Tax and spending limits lost at the ballot box last November in several states, but a new effort to limit spending has popped up in New Mexico.
State Sen. Kent Cravens (R-Albuquerque) and state Rep. Tom Taylor (R-Farmington), minority leader in the House, are the lead sponsors of New Mexico’s “Taxpayer Protection Act,” a bill that would add a spending limit to the New Mexico Constitution.
Cravens announced the bill at a February 5 news conference in Santa Fe, saying, “It’s unacceptable to spend money just because it’s there. … We need to start exercising some fiscal restraint.”
In “Stop State’s Spending Insanity,” published in the Albuquerque Journal, Taylor wrote, “If we fail to enact a tax and expenditure limitation, we will continue to see massive spending increases. With our current oil and gas windfalls, we are not getting hurt as badly. But when this windfall is over, we will pay a grave price.”
Limit Allows Growth
As it is currently formulated, the Taxpayer Protection Act would limit annual spending growth to 3.6 percent plus the rate of population growth. Sixty percent of any excess revenue would be deposited in the state’s “permanent fund” to be invested and spent in the future, and 40 percent of the excess would be refunded in the form of rebate checks to New Mexicans who filed tax returns during the previous year.
Since 2000, the annual inflation rate in the United States has never exceeded 3.4 percent, with the average rate at approximately 2.8 percent.
Opposition Lines Up
Proponents of taxpayer protections in New Mexico face an uphill battle.
Rep. Luciano “Lucky” Varela (D-Santa Fe), deputy chairman of the state House Appropriations and Finance Committee, told the Albuquerque Journal, “For Republicans to say we should never make expenditures on better schools or needed roads does not help move New Mexico forward; it keeps us down.”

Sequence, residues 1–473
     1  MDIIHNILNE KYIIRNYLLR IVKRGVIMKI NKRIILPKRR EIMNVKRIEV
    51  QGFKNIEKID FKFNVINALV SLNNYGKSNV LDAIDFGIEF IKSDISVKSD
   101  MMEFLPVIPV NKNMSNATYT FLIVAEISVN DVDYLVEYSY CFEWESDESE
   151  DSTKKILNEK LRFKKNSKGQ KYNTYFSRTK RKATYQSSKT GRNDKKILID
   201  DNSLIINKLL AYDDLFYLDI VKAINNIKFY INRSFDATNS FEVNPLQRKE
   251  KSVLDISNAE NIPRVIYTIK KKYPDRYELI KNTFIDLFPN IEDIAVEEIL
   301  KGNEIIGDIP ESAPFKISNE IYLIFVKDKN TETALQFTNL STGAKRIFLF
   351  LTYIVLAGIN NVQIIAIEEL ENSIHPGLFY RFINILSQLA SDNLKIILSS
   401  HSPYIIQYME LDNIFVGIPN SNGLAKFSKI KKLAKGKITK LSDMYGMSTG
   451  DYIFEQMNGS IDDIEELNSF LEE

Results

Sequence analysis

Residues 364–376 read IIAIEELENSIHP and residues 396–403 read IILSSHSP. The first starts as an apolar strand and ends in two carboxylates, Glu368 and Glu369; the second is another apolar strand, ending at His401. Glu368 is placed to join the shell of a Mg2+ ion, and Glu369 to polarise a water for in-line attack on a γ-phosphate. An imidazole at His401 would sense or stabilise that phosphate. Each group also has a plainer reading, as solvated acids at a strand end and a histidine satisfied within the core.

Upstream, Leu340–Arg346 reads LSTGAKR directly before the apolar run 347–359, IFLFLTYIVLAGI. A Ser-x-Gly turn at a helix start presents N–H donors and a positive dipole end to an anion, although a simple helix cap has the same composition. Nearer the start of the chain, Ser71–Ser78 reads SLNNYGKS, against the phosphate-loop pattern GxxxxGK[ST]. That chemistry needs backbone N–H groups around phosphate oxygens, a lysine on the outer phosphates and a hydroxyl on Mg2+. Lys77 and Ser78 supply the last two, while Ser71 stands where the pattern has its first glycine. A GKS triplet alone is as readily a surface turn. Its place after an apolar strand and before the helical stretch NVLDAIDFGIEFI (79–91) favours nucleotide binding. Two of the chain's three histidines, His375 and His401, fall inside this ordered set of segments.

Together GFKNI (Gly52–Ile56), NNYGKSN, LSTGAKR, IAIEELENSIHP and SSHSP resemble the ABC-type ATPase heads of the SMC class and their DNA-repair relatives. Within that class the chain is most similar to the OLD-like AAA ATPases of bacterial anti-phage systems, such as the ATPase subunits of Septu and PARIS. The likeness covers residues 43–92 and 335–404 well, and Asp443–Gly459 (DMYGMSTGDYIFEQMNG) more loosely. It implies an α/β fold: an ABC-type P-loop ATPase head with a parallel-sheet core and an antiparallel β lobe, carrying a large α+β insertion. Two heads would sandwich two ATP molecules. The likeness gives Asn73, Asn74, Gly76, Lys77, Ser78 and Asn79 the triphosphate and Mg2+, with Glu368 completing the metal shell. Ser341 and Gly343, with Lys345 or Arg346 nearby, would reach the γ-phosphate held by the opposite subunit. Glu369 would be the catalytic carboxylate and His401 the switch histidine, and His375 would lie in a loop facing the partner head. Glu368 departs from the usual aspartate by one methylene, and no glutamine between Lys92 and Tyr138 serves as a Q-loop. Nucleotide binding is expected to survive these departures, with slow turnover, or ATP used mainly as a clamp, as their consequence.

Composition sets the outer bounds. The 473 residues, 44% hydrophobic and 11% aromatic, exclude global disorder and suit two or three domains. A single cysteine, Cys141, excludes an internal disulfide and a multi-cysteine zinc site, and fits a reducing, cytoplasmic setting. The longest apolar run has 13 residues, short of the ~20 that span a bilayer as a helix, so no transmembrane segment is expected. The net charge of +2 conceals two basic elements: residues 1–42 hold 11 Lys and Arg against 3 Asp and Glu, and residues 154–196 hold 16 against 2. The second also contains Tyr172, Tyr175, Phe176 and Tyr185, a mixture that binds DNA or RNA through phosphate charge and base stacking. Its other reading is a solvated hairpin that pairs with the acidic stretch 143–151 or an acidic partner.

Gerry Bradley, research director at the left-of-center New Mexico Voices for Children, said, “While the Taxpayer Protection Act attempts to account for population growth, it fails to do so because populations of various populations like K-12 students and recipients of government services may rise faster. Inflation in the broader economy also rises and falls at rates different from specific government programs.”
Bradley also said, “New Mexico’s General Fund relative to overall personal income levels has been quite stable in recent years, obviating the need for artificial limits.”
Revenues, Spending Soar
Oil and gas revenues have played a big role in New Mexico’s revenue growth. In fiscal year 2006, the oil and gas industry paid $2.83 billion to the state, up from $1.13 billion in 2004. Oil and gas by themselves earned the state more than 55 percent of the $5.1 billion that was spent on all General Fund obligations last year.
State spending under Gov. Bill Richardson (D) has grown quickly with the influx of oil and gas money. This year, with $720 million in “new money” expected, Richardson proposed a one-year budget increase of 11 percent. Richardson’s predecessor, Gary Johnson (R), held down spending during his eight years as governor, which ended in 2002.
‘Every Dime Spent’
“Gary Johnson, by threatening to veto any effort to grow government too fast, kept a lid on government spending, but oil and gas revenue was not a factor then,” said Harry Messenheimer of the Rio Grande Foundation, an expert on New Mexico budget issues. “Unfortunately we now have consensus among the political leadership of the state that every dime collected should be spent.”
Messenheimer noted per-capita spending, adjusted for inflation, has grown 24 percent during Richardson’s four years in office.
“The big spenders refuse to acknowledge that their profligacy has produced nothing,” Messenheimer said. “The kids still don’t learn, the poor remain in poverty, and the health care situation remains unchanged.”
Paul Gessing ([email protected]) is president of the Rio Grande Foundation in Albuquerque, New Mexico.